• 5

    Maybe I'm missing it, but you didn't really say WHY you're unhappy with your job. Is it just that the caseload is too big? Because if that's it, it will be the same if not worse in nursing. The patients are very sick and no matter what you do, it's never enough and people aren't happy. You simply can't be in more than one place at a time but you are expected to. And have all your meds done on time.

    My speech language pathologist when I was in school was the best. She saved me from a lifetime of embarrassment over not being able to pronounce things correctly. She made it fun and that small portion of the day was my favorite!

  • 4

    Do you mean "schizoaffective disorder?"

  • 1
    CountryMomma likes this.

    Quote from cindy_rn456

    Susie2310, I don't see how you've assumed that from my posts (when I've said that at my place of employment, I've witnessed seasoned nurses kill 3 patients in one night due to insulin overdoses for patients who weren't even diabetic!!! And were NOT reported!!!)

    I suggest you keep an open mind cause the world isn't always black and white. Leave room for some grey areas and be thankful that in your 20 years no ones ever reported your mistakes.
    I call xx

  • 3
    AliceTrout, elkpark, and LadyFree28 like this.

    What I don't understand is how this mistake happened. If she gave this drug all the time, shouldn't she know the amount to draw up? Without even thinking about it? For example, I give Ativan all the time. I know that 1 mg is 0.5 ml. How did she draw up 10 times the amount and not notice that it didn't look right? If the bottle of calcium was a different strength, more concentrated, wouldn't she have noticed that the bottle looked different than usual?

  • 1
    badcompany likes this.

    Quote from TakeTwoAspirin
    The exclamation mark at the end of that sentence was supposed to give the reader a clue that the post was tongue-in-cheek.

    You can extrapolate meaning, misinterpret, and put as many words into my mouth as you want. Anyone who actually reads my post, without trying to put spin on it or read it with a chip on their shoulder, can parse out that my post was actually a dig at surgeon in question. But hey, go ahead and be enraged if that's what makes you happy.
    You still have yet to offer the OP any advice - which is what he/she asked for.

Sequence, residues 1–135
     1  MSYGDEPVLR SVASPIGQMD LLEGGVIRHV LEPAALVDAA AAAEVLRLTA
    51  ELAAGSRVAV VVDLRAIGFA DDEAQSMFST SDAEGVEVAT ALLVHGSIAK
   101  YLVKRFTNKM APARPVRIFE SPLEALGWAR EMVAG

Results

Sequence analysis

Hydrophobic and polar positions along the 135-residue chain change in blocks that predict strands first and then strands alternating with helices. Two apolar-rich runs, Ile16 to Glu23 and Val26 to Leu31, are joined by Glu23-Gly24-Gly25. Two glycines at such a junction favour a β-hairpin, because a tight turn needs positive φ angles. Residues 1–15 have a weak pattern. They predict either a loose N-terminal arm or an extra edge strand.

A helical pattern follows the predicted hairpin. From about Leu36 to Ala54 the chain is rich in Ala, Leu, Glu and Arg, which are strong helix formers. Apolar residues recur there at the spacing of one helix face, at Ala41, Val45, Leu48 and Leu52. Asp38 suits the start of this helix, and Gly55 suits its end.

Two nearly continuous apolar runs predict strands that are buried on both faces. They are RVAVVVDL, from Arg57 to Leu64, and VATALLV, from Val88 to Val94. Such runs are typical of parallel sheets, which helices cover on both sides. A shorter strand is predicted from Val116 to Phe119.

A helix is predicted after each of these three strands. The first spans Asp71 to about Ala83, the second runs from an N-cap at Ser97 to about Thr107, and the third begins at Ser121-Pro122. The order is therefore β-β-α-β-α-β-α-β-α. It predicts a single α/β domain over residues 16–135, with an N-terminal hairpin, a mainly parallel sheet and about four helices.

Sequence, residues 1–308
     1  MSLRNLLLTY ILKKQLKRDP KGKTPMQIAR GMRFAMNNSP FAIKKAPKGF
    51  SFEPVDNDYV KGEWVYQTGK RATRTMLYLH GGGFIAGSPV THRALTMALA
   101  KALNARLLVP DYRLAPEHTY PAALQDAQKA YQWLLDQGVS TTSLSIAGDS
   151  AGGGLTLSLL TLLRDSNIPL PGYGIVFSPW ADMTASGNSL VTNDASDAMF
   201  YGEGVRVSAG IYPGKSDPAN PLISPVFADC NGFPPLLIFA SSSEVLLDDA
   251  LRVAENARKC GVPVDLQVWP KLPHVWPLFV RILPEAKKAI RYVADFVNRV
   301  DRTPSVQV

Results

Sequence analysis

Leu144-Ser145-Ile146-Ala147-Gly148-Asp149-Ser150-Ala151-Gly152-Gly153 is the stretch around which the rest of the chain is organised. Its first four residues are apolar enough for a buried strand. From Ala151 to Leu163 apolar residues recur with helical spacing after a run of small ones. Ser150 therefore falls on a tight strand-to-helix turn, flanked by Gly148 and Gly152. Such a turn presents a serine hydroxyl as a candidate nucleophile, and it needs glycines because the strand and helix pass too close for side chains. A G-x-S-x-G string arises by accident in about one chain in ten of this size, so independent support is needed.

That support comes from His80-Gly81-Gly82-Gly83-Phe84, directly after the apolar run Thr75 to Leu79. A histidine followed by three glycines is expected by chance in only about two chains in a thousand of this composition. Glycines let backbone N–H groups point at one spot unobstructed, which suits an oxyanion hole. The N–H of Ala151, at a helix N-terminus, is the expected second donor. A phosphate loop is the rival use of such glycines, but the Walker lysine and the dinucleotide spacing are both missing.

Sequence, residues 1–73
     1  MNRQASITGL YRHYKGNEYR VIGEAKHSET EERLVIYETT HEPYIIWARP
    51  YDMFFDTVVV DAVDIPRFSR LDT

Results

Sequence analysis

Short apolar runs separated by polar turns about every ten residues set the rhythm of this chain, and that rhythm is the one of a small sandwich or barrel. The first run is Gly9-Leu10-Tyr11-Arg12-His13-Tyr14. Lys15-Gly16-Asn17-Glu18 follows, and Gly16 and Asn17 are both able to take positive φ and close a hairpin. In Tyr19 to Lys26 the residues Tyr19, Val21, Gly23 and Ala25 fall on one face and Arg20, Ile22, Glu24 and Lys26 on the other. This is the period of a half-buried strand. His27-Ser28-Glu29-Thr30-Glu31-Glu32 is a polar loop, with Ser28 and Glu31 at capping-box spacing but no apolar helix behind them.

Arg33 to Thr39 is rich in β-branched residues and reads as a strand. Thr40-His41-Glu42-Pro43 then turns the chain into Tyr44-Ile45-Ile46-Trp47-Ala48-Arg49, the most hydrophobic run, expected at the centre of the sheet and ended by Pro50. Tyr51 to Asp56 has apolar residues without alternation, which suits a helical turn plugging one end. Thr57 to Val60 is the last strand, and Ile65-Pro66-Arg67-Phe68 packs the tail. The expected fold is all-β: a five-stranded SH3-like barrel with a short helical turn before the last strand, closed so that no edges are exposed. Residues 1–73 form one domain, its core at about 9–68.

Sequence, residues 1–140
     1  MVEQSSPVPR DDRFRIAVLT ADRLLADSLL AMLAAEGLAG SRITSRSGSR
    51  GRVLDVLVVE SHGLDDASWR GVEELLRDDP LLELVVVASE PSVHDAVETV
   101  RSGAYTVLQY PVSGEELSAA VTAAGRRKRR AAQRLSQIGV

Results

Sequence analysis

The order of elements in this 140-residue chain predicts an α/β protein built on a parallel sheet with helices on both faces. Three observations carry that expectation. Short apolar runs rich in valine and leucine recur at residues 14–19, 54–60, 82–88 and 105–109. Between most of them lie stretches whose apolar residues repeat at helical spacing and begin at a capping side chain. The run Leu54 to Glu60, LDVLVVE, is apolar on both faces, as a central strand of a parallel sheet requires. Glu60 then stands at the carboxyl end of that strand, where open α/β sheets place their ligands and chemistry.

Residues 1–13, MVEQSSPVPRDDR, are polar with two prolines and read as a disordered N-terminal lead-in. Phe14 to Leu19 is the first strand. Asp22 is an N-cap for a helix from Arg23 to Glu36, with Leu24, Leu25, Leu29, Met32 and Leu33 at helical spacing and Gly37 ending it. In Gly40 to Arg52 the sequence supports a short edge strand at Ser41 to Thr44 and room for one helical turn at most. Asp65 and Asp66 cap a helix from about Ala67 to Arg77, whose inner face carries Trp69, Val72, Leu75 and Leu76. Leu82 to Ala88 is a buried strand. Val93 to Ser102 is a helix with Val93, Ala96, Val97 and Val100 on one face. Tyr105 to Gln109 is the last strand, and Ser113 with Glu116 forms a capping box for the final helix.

OP, I would not let this go. I think you're doing the right thing by going up the chain of command. Let's not make excuses for people because they might be good at what they do.

  • 6
    Jessy_RN, LovedRN, Irish_Mist, and 3 others like this.

    By the way, "inversely proportional" means that as one goes up, the other goes down. So the better the surgeon, the worse the people skills. If you were intending to say that the surgeons with poor surgical skills tend to have poor people skills, the phrase you needed would have been "directly proportional." Please think carefully before posting.

  • 16
    Jessy_RN, LovedRN, Happyful, and 13 others like this.

    Quote from TakeTwoAspirin
    I never said that the OP should accept the behavior If you read my post again, I am saying that in my experience the worse surgeons are normally the meanest - most likely secondary to their overcompensation for what they perceive as their own inadequacies. I never once said it was OK for her to be treated this way. Please read posts more carefully before shooting off indignant responses.
    I believe you said "be kind to them. They are doing the best they can!" No, they are NOT doing the best they can. And "being kind" to them without suggesting OP take any other course of action - that is advocating acceptance of the behavior. Your only advice is to be kind when someone verbally abuses you? Might as well thank the surgeons too, for their "honesty."

  • 26
    Jessy_RN, LovedRN, 907katie, and 23 others like this.

    Quote from TakeTwoAspirin
    In my years in the OR I have noticed a pattern with mean surgeons: the amount of talent they have as a surgeon is usually directly inversely proportional to their bad attitude. Be kind to them. They are doing the best they can!
    No. Just no. Just because they are good surgeons does NOT mean that the OP has to accept unacceptable behavior. That is clearly NOT the best they can do.